Drake’s Certified Lover Boy is a distended confessional wherein the rapper attempts to reaffirm his image as a sweet-talking power player.
If Lady Gaga's Chromatica favored pop hooks over musical invention, many of the versions on Dawn of Chromatica are just plain tuneless.
If Kacey Musgraves is going to be a pop star, Star-Crossed proves she’s doing it on her own terms.
Charli XCX describes “Good Ones” as “twisted, dramatic, and quite frankly electrifying.”
Iconic Swedish pop group ABBA have announced ABBA Voyage, a new concert experience and first album in four decades.
Upon the release of Kanye West's Donda, we've ranked all of the rapper's albums.
Kanye West’s Donda is about human fallibility and the desire for salvation even when we may not deserve it.
Suzanne Santo’s sophomore effort, Yard Sale, is a roots album that feels fresh and fully of the moment.
Halsey’s If I Can’t Have Love, I Want Power thrillingly homes in on notions of self and identity.
Big Red Machine’s How Long Do You Think It’s Gonna Last? leans into traditional song structures and fully fleshed-out arrangements.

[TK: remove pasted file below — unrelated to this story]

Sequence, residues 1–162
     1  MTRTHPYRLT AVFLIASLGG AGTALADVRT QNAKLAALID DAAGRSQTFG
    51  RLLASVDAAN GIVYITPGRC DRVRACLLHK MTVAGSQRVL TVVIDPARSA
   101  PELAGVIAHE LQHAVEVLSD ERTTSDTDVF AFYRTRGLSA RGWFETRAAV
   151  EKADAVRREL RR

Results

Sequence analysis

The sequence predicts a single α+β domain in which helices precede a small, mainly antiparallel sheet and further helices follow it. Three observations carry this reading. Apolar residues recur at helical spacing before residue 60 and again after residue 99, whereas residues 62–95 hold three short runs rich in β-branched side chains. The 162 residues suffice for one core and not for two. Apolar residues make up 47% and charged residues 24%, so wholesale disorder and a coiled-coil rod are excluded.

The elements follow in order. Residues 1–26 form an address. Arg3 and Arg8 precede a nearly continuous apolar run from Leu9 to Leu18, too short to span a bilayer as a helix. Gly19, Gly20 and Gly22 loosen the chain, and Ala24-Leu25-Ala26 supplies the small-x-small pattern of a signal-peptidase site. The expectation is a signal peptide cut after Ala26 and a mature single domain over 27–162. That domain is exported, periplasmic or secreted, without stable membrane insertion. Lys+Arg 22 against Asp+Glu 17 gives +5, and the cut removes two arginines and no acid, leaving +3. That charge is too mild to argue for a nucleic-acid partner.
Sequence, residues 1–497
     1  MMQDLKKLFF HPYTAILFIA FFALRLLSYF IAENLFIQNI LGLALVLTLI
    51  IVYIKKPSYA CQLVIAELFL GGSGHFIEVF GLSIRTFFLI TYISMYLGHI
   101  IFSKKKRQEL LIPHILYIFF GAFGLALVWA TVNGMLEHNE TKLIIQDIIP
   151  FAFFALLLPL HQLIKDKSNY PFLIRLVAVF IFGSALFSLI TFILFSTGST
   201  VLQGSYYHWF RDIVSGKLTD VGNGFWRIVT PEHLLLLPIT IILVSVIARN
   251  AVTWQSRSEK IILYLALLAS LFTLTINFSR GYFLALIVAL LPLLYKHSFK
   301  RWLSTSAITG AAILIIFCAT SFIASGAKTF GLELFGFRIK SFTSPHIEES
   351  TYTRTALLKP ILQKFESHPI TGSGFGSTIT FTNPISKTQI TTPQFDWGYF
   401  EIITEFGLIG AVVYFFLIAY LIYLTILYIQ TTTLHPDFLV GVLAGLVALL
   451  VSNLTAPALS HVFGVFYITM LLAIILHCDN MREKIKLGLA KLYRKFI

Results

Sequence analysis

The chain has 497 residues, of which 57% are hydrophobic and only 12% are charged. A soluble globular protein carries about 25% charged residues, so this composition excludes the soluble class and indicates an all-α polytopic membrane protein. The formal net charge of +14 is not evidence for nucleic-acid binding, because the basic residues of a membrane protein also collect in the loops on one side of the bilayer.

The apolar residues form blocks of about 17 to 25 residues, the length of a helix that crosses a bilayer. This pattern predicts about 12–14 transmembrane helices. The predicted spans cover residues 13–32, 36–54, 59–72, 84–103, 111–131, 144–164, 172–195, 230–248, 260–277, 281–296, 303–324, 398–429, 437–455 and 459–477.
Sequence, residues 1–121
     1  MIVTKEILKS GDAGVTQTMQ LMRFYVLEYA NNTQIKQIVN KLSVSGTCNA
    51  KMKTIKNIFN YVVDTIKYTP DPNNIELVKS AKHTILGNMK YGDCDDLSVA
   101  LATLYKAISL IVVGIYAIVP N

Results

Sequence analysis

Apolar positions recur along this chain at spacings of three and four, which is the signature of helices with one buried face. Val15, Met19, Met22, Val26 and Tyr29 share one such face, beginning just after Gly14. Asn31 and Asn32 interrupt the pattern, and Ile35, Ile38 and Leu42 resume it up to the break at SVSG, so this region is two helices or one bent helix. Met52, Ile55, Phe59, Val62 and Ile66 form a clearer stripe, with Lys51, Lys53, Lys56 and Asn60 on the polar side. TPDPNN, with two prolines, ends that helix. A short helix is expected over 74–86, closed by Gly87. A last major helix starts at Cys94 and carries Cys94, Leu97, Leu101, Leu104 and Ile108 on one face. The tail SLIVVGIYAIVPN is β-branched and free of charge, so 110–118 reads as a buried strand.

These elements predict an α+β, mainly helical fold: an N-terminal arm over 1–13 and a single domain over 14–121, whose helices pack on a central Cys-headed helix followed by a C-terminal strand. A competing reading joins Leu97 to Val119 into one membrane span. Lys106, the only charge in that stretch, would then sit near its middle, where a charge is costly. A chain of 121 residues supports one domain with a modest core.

Chvrches’s fourth album, Screen Violence, is imbued with a more overt sense of political purpose, but it’s also abundant in hooks.
On Solar Power, Lorde presents herself as a pop star in exile, one who’s rejected fame and all of its material trappings.
The Horses and the Hounds proves that James McMurtry’s nearly peerless ability to tear our hearts out with a good yarn hasn’t waned a bit.
The boldest expressive choices on Martha Wainwright’s Love Will Be Reborn are vocal rather than thematic.
Orla Gartland’s Woman on the Internet attempts to challenge social norms but gets mired in lyrical abstractions.
The songs on the Killers's Pressure Machine take their sweet time unfurling, luxuriating in subtle details.
Still Woozy’s If This Isn’t Nice, I Don’t Know What Is conveys even its confessions of distress with triumphant confidence.
Lingua Ignota’s Sinner Get Ready presents the so-called forces of good and evil as intertwined.